With a record-setting paving year in 2020, more smooth streets, bike lanes, and upgrades for pedestrians are cropping up in East Oakland. But there’s more here to celebrate than just fresh pavement. East Oakland has, in the past, often been last in line for paving upgrades. Over the past two years the city has focused strategic repaving investments prioritizing deep East Oakland, coupled with biking and walking infrastructure upgrades in parts of the city which experience a disproportionate number of crashes. Many of these upgrades were the outcome of planning processes which engaged residents about what they want to see happen with the streets they live on and use. We’re here to celebrate—and we’re ready for more.
According to the city’s website: “In the past, the City of Oakland has only been able to prioritize just a handful of streets every year for repaving due to limited funds.” In 2016, Oaklanders changed that by passing Measure KK, which promised a $600M investment in infrastructure and affordable housing, along with a citywide paving plan approved in 2018, prioritizing neighborhoods which have experienced historical disinvestment and racial injustice. Work over the past two years has started to put these promises into action.
This map details street paving work completed between 2019 and 2020 in the area east of High Street and south of 580. This is not the only paving completed or planned in Oakland, but this part of town was prioritized for repairs. Our map features the streets which received official bikeway upgrades, but all of Oakland’s paving projects now include routine changes in the form of high visibility crosswalks, sidewalk and curb ramp repairs, and other enhancements which improve safety and accessibility for everyone. Here are a few highlights:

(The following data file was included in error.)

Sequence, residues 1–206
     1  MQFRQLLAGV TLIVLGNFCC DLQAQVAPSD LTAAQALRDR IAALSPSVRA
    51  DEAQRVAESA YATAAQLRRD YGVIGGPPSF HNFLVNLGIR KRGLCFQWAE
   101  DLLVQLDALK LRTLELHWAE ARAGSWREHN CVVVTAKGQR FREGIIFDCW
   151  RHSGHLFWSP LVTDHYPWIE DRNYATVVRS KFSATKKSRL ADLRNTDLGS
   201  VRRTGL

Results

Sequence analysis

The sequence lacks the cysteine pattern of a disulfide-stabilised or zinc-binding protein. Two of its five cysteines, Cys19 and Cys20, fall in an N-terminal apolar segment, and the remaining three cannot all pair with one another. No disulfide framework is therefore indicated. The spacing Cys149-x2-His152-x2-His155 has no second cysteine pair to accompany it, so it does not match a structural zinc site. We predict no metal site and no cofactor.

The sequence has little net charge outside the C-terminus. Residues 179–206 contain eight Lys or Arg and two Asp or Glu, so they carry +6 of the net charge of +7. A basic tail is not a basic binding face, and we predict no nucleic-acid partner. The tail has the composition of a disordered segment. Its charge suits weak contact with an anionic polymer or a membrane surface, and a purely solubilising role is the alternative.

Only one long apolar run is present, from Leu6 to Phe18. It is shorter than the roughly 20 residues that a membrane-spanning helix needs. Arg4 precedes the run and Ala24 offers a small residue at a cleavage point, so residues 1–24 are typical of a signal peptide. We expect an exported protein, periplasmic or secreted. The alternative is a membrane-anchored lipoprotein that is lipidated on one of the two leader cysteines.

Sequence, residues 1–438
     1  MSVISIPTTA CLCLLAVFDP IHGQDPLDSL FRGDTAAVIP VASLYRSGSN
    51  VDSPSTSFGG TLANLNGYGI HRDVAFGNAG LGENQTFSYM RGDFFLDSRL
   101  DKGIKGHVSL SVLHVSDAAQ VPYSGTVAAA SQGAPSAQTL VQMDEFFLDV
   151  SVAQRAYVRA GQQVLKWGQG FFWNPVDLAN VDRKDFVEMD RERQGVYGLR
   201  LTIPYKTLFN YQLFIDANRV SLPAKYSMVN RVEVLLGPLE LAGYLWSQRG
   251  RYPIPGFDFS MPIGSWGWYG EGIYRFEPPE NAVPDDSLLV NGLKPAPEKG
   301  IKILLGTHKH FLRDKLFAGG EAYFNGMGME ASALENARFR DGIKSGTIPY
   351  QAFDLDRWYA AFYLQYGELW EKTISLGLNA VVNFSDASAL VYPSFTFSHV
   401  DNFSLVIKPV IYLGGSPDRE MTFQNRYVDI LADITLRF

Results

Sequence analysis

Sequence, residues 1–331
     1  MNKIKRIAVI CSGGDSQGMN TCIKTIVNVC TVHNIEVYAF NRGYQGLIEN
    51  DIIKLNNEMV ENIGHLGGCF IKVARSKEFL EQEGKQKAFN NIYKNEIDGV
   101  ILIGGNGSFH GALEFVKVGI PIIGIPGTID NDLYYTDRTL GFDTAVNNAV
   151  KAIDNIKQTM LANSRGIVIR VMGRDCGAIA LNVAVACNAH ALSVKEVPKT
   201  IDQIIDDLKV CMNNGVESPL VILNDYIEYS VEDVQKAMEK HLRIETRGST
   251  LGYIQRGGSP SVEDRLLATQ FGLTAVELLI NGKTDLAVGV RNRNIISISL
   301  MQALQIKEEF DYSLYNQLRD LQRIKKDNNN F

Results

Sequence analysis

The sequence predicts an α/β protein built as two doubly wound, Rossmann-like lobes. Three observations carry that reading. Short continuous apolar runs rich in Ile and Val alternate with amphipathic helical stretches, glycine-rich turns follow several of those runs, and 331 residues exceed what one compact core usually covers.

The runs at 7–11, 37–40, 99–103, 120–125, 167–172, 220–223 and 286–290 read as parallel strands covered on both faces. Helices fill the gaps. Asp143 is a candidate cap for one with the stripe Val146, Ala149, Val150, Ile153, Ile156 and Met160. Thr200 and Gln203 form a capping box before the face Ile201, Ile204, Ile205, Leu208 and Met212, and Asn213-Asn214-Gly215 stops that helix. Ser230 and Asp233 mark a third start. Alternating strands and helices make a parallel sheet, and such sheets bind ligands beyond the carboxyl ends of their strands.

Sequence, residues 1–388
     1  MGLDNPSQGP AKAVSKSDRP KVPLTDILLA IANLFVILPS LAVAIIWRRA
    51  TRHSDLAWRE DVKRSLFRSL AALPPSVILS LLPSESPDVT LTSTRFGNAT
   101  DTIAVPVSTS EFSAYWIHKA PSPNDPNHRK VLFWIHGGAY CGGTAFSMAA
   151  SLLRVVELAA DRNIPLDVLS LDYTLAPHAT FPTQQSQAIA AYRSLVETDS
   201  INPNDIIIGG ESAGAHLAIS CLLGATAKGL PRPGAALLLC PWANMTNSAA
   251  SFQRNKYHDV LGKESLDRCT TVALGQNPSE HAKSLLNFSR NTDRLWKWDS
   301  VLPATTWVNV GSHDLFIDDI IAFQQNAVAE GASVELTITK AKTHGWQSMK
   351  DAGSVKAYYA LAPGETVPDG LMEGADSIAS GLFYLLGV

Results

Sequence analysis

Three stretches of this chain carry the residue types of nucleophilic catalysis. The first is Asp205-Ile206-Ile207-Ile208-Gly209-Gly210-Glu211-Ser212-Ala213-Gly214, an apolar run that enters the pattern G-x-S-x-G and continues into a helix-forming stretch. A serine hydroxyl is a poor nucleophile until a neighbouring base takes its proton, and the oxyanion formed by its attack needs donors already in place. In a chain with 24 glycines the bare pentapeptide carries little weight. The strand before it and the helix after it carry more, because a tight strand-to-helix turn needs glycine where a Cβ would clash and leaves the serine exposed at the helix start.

MacArthur Blvd./Camden St./Havenscourt Blvd.
This combination of new and existing bike lanes finally creates a continuous route between the Laurel District, Mills College, and International Blvd. (including the new rapid bus line which allows bikes on board!). The next opportunity includes physical protection of the buffered bike lanes near Mills College to reduce speeding and better protect bike traffic.
Church St./Flora St./69th Ave.
These traffic-calmed bike boulevard routes provide a smooth connection between the Eastmont Mall and Coliseum BART, and all points in between including the MLK Branch Library and Scraper Bike Shed. Some of the funding for these upgrades was acquired as part of affordable housing grants associated with new transit-oriented developments by the BART station.
Plymouth St./90th Ave.
The already-famous 90th Ave. “Scraper Bikeway” has a bright orange lane running down the middle, decorated with bike wheel art. This facility was conceived of and promoted by Oakland’s Scraper Bike Team in 2017, and was brought to reality by Oakland DOT staff and work crews over the past two years. The 0.8 mile bikeway intersects with the 1.6 mile Plymouth Ave bike boulevard, featuring speed humps and traffic circles to slow down drivers, but minimal stop signs, allowing bike riders to keep rolling. Oakland has recently applied for state funding to add on to these routes with an extended network of traffic-calmed bikeways throughout more of East Oakland.
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